So perhaps it’s a cultural difference as well, or a denominational one, if you prefer.

The producers were clearly aware of the multi-cultural nature of South Africa’s society, and tried to include different languages — English, Zulu, Xhosa, Hindi. There were also different instruments from different cultures, though the differences seemed to be obliterated as all seemed to be shaped into a common style, with a single tempo, a single volume.

It reminded my wife of The Fisherfolk, a Christian group that was popular in the 1970s and 1980s. It reminded me of Era, a group that my son likes, though he didn’t seem to like this one as much.

If Sout are to produce another album, I would suggest that they check the balance of the singing and accompaniment, as the accompaniment often drowns the singing. And also perhaps vary the tempo and volume occasionally. It was the same percussion all the way through that made it seem monotonous. But perhaps that was what is intended, and is part of the signature style of the group, and so it might not be a good suggestion.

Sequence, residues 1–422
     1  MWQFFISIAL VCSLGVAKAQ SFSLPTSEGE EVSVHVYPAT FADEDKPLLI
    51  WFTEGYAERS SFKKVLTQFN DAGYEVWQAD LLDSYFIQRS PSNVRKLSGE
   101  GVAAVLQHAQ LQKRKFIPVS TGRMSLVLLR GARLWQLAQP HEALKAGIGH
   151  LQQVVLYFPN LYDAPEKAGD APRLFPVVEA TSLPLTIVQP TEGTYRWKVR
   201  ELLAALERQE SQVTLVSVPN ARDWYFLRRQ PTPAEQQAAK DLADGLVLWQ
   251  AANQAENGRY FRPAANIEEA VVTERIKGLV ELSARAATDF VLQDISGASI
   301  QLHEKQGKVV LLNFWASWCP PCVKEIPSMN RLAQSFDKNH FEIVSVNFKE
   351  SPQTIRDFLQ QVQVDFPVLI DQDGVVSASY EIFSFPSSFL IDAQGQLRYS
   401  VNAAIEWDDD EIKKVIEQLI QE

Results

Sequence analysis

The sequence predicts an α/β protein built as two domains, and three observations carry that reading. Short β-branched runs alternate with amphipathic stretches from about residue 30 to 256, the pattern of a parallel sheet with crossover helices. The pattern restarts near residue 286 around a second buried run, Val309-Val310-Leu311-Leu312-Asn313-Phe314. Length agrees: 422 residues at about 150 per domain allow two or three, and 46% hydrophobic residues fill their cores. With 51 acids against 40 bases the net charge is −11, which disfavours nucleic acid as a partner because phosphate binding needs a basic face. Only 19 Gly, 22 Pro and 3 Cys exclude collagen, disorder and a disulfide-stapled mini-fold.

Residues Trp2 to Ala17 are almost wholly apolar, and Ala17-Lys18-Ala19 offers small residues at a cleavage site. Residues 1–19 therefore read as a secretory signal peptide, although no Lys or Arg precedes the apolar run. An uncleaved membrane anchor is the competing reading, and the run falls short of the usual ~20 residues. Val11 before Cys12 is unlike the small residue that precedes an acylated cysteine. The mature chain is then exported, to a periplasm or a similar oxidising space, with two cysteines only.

I’m sorry I can’t be more positive about it. I feel a bit like the bloke in the car ad a few years ago who said that the car (a Fiat Palio) was nice, and the owner objects. “Nice! You are calling my car ‘nice’? A cup of tea is ‘nice’, Mrs Warren at the nursery school is ‘nice’.” But that’s about all I can say about this record. It was quite pleasant to listen to, it was OK.

But I’m probably the wrong person to ask. I don’t have an iPod, I don’t download music, I don’t listen to podcasts, I don’t even have speakers on the computer on which I’m writing this.

4 Comments leave one →
  1. 2 December 2009 3:03 pm

    OK Steve I asked you, and you wrote it. Thanks for taking the time to do that.

    This, like the food in your restaurant, is a matter of taste. Some say “Too much sout” and others, too little. But let me answer some of your criticism.